First steps to helping someone with an addiction

Rehab treatment and aftercare can be very effective but it often takes a lot of work to get to that point of the recovery process, especially if the person involved does not accept they have a problem or refuses to seek help.

The first step is almost always just talking to your loved one. This can be difficult and you might not know where to start but you should express your concerns without being judgemental if you can. Listen to what they have to say in return but don’t be dissuaded from saying what you need to.


What not to do

There are some things that can be counter-productive when it comes to trying to get someone close to you to accept that they have a problem and need alcohol or drug rehab.

Don’t enable the person by making excuses for their behaviour, laughing it off or even joining in with their drinking or drug use.

You shouldn’t supply them with drugs or alcohol but at the same time, hiding their drugs or alcohol is not usually effective either. This can inflame the situation and they can generally get more of the substance anyway.

Don’t feel responsible for the person’s behaviour and don’t put yourself in harm’s way. In some cases, it may be best to temporarily remove yourself, especially if there are children involved and the person’s behaviour is erratic or violent.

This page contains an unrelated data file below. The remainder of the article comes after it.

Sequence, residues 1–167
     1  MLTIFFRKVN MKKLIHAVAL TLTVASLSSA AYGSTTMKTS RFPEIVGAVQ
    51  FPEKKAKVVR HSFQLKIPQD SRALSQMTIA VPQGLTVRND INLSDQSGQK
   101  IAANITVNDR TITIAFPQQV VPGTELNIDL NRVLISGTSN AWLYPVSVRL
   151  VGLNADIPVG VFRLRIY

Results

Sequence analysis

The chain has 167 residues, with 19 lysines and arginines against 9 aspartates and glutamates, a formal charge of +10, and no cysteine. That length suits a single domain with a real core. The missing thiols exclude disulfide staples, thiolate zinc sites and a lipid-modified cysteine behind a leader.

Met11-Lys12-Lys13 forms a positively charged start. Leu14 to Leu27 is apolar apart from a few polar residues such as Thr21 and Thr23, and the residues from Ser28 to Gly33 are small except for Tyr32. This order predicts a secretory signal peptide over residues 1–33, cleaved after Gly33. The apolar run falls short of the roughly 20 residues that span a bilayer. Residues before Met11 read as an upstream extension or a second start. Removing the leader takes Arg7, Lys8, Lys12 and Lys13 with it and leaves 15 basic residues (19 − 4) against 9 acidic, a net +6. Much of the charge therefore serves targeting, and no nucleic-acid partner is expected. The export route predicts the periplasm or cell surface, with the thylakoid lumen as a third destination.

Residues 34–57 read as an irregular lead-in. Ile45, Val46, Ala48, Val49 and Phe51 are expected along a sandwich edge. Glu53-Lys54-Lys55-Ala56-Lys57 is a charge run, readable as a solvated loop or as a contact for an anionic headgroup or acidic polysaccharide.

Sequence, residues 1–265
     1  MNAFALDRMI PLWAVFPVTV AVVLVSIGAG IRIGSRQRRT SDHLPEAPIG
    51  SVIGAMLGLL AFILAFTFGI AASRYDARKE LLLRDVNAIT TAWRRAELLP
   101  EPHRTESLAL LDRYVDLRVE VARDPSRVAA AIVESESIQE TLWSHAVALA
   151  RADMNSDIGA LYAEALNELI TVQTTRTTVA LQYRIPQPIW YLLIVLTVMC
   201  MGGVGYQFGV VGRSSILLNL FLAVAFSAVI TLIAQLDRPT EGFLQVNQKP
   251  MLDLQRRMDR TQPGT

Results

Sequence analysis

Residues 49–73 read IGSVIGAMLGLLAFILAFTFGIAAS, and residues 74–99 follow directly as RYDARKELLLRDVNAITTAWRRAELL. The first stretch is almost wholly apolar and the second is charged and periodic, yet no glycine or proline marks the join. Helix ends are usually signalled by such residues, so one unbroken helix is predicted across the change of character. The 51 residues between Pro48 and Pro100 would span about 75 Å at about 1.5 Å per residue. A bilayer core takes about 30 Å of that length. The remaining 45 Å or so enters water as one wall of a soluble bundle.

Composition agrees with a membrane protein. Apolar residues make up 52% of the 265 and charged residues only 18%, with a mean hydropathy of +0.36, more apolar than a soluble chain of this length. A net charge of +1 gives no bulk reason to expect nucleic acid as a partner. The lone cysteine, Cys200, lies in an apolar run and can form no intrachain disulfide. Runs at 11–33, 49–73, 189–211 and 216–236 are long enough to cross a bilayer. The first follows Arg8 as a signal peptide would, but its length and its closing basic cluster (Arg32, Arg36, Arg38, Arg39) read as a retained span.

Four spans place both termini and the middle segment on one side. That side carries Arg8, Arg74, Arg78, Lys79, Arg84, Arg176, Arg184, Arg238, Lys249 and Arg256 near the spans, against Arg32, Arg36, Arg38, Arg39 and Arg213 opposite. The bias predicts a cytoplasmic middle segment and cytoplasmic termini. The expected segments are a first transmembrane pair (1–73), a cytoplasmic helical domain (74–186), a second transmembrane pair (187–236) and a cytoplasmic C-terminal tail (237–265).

What to do if a loved one won’t accept help

There are only very limited circumstances where a person can be made to seek substance abuse treatment, such as during sentencing for a crime where substance abuse may be an underlying factor or during involuntary commitment (commonly known as ‘sectioning’) for a serious mental illness.

One way of helping a loved one to accept their problems and consider their need for drug or alcohol rehab could be staging an intervention.

This is when people – usually friends and family – get together to provide examples of the effect the person’s behaviour is having on them, offer support and suggest positive steps to take moving forward.

The process should be carefully planned and sensitively executed, however. It can be easy for such an event to get heated and confrontational, which can be counterproductive.

It is, therefore, better if any friend or family intervention is carried out in a structured way and preferably guided by a professional, as this will provide the best chance of successfully convincing the person who is addicted to drugs to seek the help they need.


John Gillen - Author - Last Updated: 4 March 2022

John has travelled extensively around the world, culminating in 19 years’ experience looking at different models. He is the European pioneer of Nad+ (Nicotinamide Adenine Dinucleotide) treatment to Europe in 2010; and recently back from the USA bringing state of the art Virtual Reality Relapse Prevention and stress reduction therapy. his passion extends to other metabolic disturbances and neurodegenerative diseases.

The journey continues, in recent times john has travelled to Russia to study and research into a new therapy photobiomudulation or systemic laser therapy working with Nad+ scientists and the very best of the medical profession in the UK and the USA, together with Nadcell, Bionad Clinics own select Doctors, nurses, dieticians and therapists, Johns’ passion continues to endeavour to bring to the UK and Europe new developments with Nad+ therapy in preventive and restorative medicine and Wellness. In 2017 John Gillen was made a visiting Professor at the John Naisbitt university in Belgrade Serbia.

Back to all posts